Block hydroelectric building on last undammed stretch of Amazon, actors urge
Sir Paul McCartney, Peter Capaldi and Joanna Lumley are backing a campaign to prevent "destructive" hydroelectric dams being built in the Amazon.
Dozens of celebrities have signed an open letter urging the Brazilian government to recognise the land rights of the indigenous Munduruku people, who are fighting against a series of dams which threaten their territory.
Plans for one of five dams across the Tapajos River were turned down by the Brazilian environment agency due to the unacceptable damage it would cause in the Amazon and the Munduruku lands.
But more hydroelectric dams are still planned across the river, the last major undammed tributary of the Amazon, including some that would flood Munduruku territory, campaigners warn.
In an open letter published in the Guardian, actors Sir Roger Moore, Mark Rylance and Olivia Colman, singer Charlotte Church and presenter Dermot O'Leary were among those calling for the Munduruku's rights to be recognised and for dam construction companies to "stay out of this destructive business".
They warned: " The Tapajos river and the surrounding rainforest are areas of unparalleled natural beauty and biodiversity, where new animal species are still being discovered to this day.
"The Brazilian watchdog's decision marked a turning point in the struggle to protect this corner of the Amazon, but the fight isn't over yet."
Members of the indigenous Munduruku people have come to the UK seeking a meeting with the bosses of Siemens UK, as campaigners say the company was a key player in building Brazil's last four mega dams and is one of the few companies that supplies the components of large-scale hydroelectric projects.
General chief Arnaldo Kaba Munduruku and his senior advisor Ademir Kaba Munduruku, will ask Siemens to publicly pledge not to participate in plans for new dams on their ancestral lands.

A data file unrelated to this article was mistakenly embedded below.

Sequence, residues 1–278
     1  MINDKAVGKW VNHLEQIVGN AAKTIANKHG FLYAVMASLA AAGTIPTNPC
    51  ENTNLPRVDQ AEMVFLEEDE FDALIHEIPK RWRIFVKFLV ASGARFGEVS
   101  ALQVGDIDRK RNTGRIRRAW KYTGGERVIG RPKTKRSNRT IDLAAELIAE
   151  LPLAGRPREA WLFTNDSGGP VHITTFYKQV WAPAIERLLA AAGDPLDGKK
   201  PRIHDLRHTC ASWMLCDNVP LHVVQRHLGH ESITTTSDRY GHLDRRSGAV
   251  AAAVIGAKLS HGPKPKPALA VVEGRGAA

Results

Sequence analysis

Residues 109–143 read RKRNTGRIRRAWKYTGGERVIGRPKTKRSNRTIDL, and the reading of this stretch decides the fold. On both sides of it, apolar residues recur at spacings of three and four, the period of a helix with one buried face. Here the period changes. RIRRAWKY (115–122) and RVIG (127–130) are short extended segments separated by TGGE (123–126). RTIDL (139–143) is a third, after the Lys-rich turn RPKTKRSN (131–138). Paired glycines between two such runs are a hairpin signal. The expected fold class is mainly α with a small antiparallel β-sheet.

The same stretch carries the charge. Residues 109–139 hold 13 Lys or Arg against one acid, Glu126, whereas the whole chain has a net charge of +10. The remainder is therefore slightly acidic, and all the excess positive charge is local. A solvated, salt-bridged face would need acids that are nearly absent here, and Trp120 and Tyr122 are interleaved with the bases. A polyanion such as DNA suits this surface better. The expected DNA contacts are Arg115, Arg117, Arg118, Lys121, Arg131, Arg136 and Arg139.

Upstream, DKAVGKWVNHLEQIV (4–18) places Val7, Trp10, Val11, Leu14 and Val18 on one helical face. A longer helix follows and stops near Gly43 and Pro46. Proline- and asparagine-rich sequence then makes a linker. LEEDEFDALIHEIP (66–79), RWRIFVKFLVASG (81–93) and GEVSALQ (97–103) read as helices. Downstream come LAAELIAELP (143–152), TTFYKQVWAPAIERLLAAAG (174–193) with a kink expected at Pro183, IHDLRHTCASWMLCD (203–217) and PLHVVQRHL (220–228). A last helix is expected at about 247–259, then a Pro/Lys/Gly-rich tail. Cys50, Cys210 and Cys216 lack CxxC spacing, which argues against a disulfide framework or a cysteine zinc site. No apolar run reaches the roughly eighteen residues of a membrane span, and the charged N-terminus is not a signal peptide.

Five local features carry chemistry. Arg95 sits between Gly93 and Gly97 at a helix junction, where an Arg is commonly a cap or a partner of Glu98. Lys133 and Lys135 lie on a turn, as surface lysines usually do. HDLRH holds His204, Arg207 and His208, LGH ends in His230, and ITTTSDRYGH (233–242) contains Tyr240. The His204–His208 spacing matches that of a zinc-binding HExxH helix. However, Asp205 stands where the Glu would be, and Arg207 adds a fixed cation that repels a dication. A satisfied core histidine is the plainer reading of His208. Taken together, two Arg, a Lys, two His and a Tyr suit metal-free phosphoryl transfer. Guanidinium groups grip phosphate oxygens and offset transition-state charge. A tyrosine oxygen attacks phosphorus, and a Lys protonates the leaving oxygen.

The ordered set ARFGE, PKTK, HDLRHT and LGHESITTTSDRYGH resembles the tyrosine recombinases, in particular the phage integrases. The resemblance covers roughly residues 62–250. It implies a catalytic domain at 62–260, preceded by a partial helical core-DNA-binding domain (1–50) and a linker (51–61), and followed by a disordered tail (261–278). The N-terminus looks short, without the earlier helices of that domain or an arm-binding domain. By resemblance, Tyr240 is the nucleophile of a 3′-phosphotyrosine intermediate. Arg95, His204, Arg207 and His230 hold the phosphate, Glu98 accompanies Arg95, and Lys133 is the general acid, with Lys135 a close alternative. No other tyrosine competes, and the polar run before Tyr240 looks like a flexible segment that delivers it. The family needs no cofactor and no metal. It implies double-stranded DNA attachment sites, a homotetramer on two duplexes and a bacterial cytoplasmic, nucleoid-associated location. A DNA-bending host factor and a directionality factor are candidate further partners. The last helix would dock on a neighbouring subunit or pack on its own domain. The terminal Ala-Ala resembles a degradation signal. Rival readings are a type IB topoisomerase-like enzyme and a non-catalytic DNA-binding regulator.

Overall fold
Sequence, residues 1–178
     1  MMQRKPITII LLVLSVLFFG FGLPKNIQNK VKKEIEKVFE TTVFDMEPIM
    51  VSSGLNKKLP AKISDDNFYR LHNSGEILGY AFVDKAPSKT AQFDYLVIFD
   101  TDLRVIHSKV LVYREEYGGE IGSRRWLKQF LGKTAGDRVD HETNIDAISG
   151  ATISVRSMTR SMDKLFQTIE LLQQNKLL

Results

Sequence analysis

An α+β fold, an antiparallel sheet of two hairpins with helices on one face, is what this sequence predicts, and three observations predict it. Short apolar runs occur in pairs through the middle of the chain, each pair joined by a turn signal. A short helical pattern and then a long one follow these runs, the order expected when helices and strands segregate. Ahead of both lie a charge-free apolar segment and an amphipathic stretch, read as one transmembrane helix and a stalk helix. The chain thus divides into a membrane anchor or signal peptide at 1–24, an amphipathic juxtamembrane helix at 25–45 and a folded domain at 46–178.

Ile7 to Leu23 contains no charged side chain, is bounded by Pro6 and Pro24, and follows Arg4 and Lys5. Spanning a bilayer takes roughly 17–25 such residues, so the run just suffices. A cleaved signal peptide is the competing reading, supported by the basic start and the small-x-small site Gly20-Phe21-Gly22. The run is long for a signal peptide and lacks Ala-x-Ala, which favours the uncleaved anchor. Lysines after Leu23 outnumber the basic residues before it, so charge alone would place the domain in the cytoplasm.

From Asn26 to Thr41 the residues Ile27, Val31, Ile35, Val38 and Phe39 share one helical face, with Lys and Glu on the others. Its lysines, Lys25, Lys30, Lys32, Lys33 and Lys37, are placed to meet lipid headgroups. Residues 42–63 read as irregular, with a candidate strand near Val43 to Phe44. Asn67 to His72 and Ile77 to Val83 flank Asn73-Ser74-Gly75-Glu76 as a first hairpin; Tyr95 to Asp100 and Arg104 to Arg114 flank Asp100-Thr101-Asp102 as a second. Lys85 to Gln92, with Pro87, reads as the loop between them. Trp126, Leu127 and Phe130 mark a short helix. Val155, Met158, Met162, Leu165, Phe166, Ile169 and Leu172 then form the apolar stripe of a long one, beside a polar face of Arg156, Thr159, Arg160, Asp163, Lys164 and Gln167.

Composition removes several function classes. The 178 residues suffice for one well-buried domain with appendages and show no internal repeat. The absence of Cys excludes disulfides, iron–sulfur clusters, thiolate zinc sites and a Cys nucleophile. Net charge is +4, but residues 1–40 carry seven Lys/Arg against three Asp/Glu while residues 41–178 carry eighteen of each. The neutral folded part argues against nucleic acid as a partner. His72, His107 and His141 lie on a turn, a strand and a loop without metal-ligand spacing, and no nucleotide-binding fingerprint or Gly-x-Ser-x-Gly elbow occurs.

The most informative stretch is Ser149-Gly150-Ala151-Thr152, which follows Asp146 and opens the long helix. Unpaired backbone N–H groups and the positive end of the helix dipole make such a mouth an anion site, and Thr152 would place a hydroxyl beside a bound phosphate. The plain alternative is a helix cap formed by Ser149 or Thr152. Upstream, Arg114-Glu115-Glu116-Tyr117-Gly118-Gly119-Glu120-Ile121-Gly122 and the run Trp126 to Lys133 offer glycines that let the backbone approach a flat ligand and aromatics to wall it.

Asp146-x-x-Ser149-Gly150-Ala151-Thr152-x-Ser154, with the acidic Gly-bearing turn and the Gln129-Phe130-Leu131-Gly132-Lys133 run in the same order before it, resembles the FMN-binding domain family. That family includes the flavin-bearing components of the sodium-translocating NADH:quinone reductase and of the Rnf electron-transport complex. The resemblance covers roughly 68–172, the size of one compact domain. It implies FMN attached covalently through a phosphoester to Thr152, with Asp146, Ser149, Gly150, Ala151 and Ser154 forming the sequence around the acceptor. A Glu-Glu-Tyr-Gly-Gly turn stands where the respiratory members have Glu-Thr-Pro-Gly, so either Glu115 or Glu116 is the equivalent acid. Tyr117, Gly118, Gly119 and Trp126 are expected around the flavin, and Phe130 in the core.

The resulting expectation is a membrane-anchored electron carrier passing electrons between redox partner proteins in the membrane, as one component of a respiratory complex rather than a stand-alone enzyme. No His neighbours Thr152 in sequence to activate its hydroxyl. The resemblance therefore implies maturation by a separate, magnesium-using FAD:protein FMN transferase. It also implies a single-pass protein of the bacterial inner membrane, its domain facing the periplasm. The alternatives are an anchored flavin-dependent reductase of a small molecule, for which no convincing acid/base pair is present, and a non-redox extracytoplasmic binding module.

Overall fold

Arnaldo Kaba Munduruku said: "The river and the forest give us everything we need to survive. They give us our food, our water, our drugs. If they build this dam they will kill the river, they will kill my people, our culture.
"The future of our children is threatened by the ambition of the companies and the government. The forest is also important for other people from other countries because it belongs to everybody."
Greenpeace, which is working with the Mundurukus to save the Tapajos, said more than a million people from around the world had signed up to support the fight, and called on Siemens to listen to those people and state they would not be involved in the dams.
In a statement, Siemens said: "Since Siemens is generally a provider of energy infrastructure, members of Greenpeace and concerned citizens have approached us to let us know that they're worried about the future of the Amazon.
"We are listening and are incorporating the views of many stakeholders - including Greenpeace - in our assessments.
"Siemens is always mindful of the environmental and societal impact of any large infrastructure project in which we could become involved.
"It is the responsibility of the sovereign Brazilian Government to work with scientists, non-governmental organisations (NGOs) and its communities to help secure the most sustainable, reliable and affordable supply of power for the people of Brazil."